Skip to comments.Navy Scuttles All-Cap Messages
Posted on 06/06/2013 5:20:20 PM PDT by Sub-Driver
Navy Scuttles All-Cap Messages By Michael Hoffman Thursday, June 6th, 2013 5:30 pm Posted in Naval
WE DONT HAVE TO SEND MESSAGES THIS WAY ANYMORE, the Navy has decided.
Word went out from the Navys Fleet Cyber Command on May 8 that the Navys internal messaging system now had the ability to transmit in lower case as well as the traditional upper case letters.
Therefore, it is not necessary to limit Navy messages entirely to upper case, said the directive, first reported by the Navy Times. Of course, the message saying that upper case was no longer needed went out this way: THEREFORE, IT IS NOT NECESSARY TO LIMIT NAVY MESSAGES ENTIRELY TO UPPER CASE.
Alone among the services, the Navy has been using all capitals for internal administrative messages from the routine to the emergency going back more than a century to the days when teletype machines only sent capitals.
The reasoning behind the change was that messages in lower and upper case were easier to read, Navy officials said. Another factor was that younger recipients of all-cap messages might tend to think that the person sending them was SCREAMING AT THEM AND REALLY TICKED OFF.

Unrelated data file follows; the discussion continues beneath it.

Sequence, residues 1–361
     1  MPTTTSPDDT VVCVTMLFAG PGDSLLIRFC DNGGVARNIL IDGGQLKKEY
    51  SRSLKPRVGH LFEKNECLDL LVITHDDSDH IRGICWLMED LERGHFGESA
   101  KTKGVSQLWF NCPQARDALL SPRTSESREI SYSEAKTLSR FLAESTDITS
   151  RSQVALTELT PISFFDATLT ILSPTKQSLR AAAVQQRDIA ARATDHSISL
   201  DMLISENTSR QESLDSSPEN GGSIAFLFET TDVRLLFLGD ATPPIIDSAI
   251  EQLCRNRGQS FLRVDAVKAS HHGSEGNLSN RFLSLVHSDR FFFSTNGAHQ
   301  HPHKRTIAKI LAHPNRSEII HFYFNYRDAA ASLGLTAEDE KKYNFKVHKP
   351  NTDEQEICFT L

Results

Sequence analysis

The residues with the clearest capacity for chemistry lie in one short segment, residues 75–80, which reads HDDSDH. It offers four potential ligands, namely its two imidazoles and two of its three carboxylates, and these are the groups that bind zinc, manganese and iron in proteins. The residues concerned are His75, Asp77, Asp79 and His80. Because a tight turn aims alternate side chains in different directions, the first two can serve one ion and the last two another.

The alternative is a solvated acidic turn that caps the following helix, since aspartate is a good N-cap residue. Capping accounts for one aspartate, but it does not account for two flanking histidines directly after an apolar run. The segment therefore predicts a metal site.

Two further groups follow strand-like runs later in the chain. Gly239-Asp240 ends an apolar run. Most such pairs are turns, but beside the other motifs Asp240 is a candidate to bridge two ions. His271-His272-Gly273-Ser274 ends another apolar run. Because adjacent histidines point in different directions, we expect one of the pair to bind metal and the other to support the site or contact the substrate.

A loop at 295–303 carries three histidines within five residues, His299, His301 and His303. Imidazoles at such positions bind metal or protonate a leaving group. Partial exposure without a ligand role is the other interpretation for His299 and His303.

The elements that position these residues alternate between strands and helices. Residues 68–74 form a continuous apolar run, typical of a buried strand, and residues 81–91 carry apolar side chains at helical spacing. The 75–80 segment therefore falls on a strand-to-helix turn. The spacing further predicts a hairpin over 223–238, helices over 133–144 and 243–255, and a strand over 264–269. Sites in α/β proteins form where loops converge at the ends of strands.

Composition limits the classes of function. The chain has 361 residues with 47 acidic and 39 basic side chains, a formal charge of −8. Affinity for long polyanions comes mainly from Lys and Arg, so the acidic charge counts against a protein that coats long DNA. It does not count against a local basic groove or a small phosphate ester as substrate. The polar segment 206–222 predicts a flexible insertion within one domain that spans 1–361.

The capability has been there for about a year to send routine messages in lower case, said Lt. Joseph Holstead, a spokesman for the Cyber Command. The next step will be to expand that capability to secret and top secret messages, possibly in August, Holstead said.
There are still a couple of legacy systems out there that well have to convert, probably in mid-2014, Holstead said.
WHAT DID YA SAY ?
OH BOY! NOW NAVY MESSAGES CAN CONTAIN ADDED EMPHASIS!
...Or ever had involvement with engineering or architectural drawings.
I was referring to those first computerized applications that used the six bit 64 character byte (A B 8 4 2 1) that was also the basis for IBM punched cards and paper tape machines.
A FORCE FOR GOOD.
Was that EBCIDIC (sp?)
Here’s a summary.
There was a 5-bit code that all letters had two “1”s and three “0”s. It allowed an accuracy check of each letter because you could verify by checking if it only had two bits. 01010 11000 10001 10100, etc.
Thanks for the info
Yep. At least it was 20 years ago. If someone tried to give me an order without yelling I probably wouldn't have known how to react.
I always hear that argument. Maybe they are, but I can't say that I found reading all caps all that difficult. But then look at me-I'm the guy that was so used to all caps I did it to my handle without thinking when I signed up.